night, we know the audience still wants this. We know they still
have the hunger. We know there is still magic in this hat.
Just unclog the drain.
* * * * * * * *
(The following is my lexicon of those who don't belong on stage.
Please feel free to add any terms or see yourself in here. And
if you want to add Dan French, well, fuck you.)
Zombies. The comedy walking dead. Guys who are just up there,
dead but not admitting it. Lost their spark or their respect
for the form along the way.
Celebrity Mummies. They got famous, then they dropped off the
face of the earth, now the only place that will let them in is
a comedy club desperate for any name that might draw three people
off the street.
Standups who became actors. But still get up there and regale us
with their old stuff, their barely worked out bits, their
meanderings. See Eddie Griffin. It's like knives in your brain.
Ingratiators. People who are great at the politics of comedy,
but aren't funny. They get on stage by kissing up to whoever
controls the stage. But they aren't funny.
Businessmen. People who can do the marketing, the money, the
contacts, but once up there aren't comics. They're doing
comedy by the corporate numbers.
Newbies. Too new to know the craft, but getting up on
professional stages and doing professional amounts of time.
Performance Artists. We don't go to their SoHo cellars and
tell jokes to people wearing black.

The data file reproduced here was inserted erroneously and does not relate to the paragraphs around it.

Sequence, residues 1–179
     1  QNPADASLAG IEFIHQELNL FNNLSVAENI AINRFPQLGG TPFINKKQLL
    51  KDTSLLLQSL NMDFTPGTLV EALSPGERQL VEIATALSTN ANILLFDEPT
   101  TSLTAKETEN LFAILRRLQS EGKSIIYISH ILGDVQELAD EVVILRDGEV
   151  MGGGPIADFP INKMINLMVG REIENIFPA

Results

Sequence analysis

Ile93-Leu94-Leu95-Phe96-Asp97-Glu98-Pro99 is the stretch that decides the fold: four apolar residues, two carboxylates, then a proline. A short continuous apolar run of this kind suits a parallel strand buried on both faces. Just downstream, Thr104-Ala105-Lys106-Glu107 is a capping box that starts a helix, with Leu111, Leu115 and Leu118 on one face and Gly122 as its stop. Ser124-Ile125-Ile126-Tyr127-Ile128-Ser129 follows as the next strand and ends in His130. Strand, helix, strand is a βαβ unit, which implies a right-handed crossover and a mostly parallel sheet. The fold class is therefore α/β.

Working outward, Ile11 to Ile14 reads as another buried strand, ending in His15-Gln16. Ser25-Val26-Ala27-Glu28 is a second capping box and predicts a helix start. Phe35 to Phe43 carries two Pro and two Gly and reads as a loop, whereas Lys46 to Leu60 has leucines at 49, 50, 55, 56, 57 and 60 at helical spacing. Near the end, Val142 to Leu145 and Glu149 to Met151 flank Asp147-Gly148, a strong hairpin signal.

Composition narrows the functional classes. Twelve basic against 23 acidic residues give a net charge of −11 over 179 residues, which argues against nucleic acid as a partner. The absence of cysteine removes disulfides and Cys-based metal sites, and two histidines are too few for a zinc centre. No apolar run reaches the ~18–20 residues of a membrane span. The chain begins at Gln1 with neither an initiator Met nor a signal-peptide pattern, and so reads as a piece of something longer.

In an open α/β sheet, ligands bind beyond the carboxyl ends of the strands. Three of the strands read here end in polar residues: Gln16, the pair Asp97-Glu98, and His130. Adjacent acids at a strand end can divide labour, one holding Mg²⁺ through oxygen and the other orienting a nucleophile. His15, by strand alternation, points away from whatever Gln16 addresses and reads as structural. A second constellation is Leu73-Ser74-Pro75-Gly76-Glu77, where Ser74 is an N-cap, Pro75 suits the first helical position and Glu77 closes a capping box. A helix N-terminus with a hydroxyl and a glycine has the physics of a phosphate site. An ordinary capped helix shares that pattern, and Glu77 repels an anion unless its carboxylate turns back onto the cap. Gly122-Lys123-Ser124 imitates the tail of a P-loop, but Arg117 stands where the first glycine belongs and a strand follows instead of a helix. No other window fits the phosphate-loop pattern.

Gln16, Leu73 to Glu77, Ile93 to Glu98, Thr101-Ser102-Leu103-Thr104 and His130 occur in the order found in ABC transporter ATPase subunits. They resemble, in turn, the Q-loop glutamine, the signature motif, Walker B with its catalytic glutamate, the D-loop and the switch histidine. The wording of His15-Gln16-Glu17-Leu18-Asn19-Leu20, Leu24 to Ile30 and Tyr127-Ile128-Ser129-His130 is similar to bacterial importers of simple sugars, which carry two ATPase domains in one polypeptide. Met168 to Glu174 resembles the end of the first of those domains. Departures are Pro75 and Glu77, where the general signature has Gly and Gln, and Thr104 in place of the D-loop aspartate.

Dregs. The homeless, the nuts, the strange and lost souls who
somehow learned that comedy stages are the easiest to get to in
all of entertainment.
Actors. All of them. Faked doesn't work on this stage, dude.
Bellybutton Gazers. People who believe that they themselves,
their ordinary lives, their mundane thoughts, are worth talking
about on stage. Not even their mothers want to hear that shit
Exhibitionists. Have a need to show themselves in public, but
have nothing to show.
Zeals. They want to be famous no matter what. And the fact that
they are not comics is no deterrent whatsoever to them getting on
a comedy stage.
Social commentators with nothing new to say. Hey, racism is
Ordinary People. It amazes me how many people on comedy stages
are about as funny as everyone you meet on the street. It's
like someone with an ordinary voice performing at the Met.
Who told them they deserved to be up there?
Group Leaders. They aren't funny, but they have the same
politics/life situation as a segment of the audience, and so
they aren't subjected to any criteria (see lesbians, angsts,
comics doing shows for comics, etc.).
Factory workers. No imagination, but they can stamp out a
"Spank your kids" bit just like all those other
comics on the production line.
Shockers. It's fun to get up and say dirty things in public.
Isn't that comedy?
Delusionists of Grandeur. How many people believe they are
geniuses because they can voice a retread counterculture doctrine?
Tiny Deconstructors. They break down the form for us as they
do it. Unfortunately, we already know everything they notice.
Media Creatures. They have been on TV or film, so we kind of
know who they are, and now they haunt standup like banshees
that won't die. See Walt Willy.
Crowd Favorites. I don't care if they do like Craig Shoemaker.
They also like Britney Spears.
Preachers. Yeah, you know how people should live. Because
you're doing so well.
Replicants. The biggest clog in all the drain. Hollow versions
of real comics. Mimic the voice, the style, the material, and
the audience can't tell the difference between you and Sam